I nodded, surprised that he had answered so many questions I had not thought to ask. Perhaps I should have followed him, but then would I truly have been needed? I could sense that many men would follow him, not because he was a mystery, but because he was such an easy man to know. That way of being is far more rare and pleasing.
“All his friends, you say. But I came down these stairs alone. He says that everyone else has gone on ahead. Is that so?”
He nodded. “It is. He waited for you, and for the other few who had not woken yet. Will you follow me?”
I nodded and said of course I would, wondering that he had been second in command, and someone else first. Even in the midst of the argument at Sepira I had thought him a fine leader, and a warrior great even in his sadness.
And as I thought of that, I realized it was gone from him. I remembered how I had felt after Nesechia, and then during this siege, and understood. Valor itself can destroy a man, if it is virtue for such horrors. If such had happened to Nogilian, Jerem Cozak was right to release him.
We walked a long way down a dim corridor. We passed no doors, and turned only once, toward what I imagined must be the very center of the city. He felt no need to say anything while we walked, and neither did I. When we stopped, it was before a simple door much like the one that had marked the bottom of the stairwell. Yet to this one Nogilian placed his hand, and the door swung wide.
“The Vault of the Arks of Kasora,” he said, as I looked into the room. “For you, now, and for all those like you. They have awoken. The one you choose will open to your touch, and it will follow your commands. You need not speak them. The stone above will part to let you pass.”
Within the room stood many hundreds of spheres, golden like the rainbow above the city. They were a little taller than myself, and of course the same in any dimension. Their surface was smooth, and had no fault or opening that I could see.
I believe I began to understood, then. I kept walking forward. “It will open for me, you say. But you could wake one of these yourself.”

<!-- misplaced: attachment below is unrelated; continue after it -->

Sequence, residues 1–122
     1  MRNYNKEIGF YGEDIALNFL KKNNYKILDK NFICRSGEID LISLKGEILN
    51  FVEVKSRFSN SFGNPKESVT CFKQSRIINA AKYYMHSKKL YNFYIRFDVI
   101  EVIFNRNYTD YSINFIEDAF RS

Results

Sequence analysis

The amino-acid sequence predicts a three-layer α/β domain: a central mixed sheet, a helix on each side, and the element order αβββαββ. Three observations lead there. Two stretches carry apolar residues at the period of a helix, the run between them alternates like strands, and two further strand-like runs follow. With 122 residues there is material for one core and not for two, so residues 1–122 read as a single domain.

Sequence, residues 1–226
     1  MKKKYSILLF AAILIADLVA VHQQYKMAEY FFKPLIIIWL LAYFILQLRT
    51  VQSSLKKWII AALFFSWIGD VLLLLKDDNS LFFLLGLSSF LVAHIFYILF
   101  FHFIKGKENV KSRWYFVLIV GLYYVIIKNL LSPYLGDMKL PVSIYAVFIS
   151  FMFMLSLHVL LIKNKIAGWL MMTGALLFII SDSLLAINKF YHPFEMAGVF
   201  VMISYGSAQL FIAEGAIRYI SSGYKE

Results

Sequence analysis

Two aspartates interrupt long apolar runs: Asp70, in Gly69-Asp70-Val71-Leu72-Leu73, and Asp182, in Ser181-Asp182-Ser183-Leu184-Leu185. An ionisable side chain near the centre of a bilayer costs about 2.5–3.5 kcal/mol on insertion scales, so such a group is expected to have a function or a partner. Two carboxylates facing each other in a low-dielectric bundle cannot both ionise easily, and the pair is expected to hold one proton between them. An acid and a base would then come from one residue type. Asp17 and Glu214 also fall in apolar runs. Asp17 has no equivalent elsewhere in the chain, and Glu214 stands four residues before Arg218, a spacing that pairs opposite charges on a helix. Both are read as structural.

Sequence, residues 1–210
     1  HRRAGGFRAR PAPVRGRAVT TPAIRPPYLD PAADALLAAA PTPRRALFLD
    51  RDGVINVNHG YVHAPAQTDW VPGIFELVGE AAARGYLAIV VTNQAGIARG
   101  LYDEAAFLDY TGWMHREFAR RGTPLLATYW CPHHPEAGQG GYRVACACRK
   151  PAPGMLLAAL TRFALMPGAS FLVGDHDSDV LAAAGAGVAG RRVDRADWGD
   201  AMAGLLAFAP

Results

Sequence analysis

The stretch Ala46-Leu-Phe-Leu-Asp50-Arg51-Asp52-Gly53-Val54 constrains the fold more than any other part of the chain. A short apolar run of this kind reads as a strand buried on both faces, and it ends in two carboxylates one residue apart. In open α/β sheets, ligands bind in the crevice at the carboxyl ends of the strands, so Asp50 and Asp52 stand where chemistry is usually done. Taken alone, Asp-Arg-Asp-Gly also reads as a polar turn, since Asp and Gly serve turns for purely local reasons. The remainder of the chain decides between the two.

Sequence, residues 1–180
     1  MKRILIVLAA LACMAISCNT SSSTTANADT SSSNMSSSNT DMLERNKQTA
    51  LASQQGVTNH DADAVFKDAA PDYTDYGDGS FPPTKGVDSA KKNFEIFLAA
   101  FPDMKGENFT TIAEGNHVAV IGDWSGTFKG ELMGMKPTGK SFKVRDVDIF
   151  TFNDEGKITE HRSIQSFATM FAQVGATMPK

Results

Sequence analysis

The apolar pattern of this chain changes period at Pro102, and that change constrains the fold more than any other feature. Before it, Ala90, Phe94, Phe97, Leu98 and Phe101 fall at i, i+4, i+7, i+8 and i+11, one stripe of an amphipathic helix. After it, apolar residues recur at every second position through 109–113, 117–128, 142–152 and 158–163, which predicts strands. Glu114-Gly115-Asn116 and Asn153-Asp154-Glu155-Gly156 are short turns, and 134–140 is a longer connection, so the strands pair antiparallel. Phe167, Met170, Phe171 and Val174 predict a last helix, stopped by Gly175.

He nodded. “I have been marked now, too. All those like you have.”
“You were very long a soldier. I have been one only a few months. Surely you have been
marked more deeply than I.” I put out my palm when I reached the nearest one. The shell of the sphere was surprisingly warm, like living flesh.
He shook his head. “It is not how deeply this mark cuts you. That makes no sense, and would not matter in any case. It is how often one is marked that matters. When you reach the ocean, you should understand.”
‘The ocean?” I asked, as I felt my mind reach out to the sphere’s sentience.
“Where the River Kasora meets the ocean between the lands. It is where everyone has gone. They should be only awaiting you, now. You were the last to wake.”
The surface melded to my touch, and I understood that I could walk through its side, as with a Well of the Profusion. “They’ll be waiting a while. It is three days by ship to there, and all the valkyries were destroyed. And they were always the fastest machines on land.”
“Yes,” said Nogilian as I stepped through, “but the Arks of Kasora do not travel on the land.”
From within, the Ark was transparent, so that I could see all around it and myself perfectly, and in every direction – though I saw from a reflection in another Ark that mine remained solid and golden from outside. After a moment, four areas glowed briefly, in the shape of hands and feet. I put mine to match, and found myself standing with my legs and arms comfortably spread. I looked up, and willed myself in that direction. I arose within the Arks at a sedate pace, until I came to the next level. I willed myself through that floor, and the next, faster, and learned that many of the vaults of Kasora had been emptied by the centuries, and not refilled.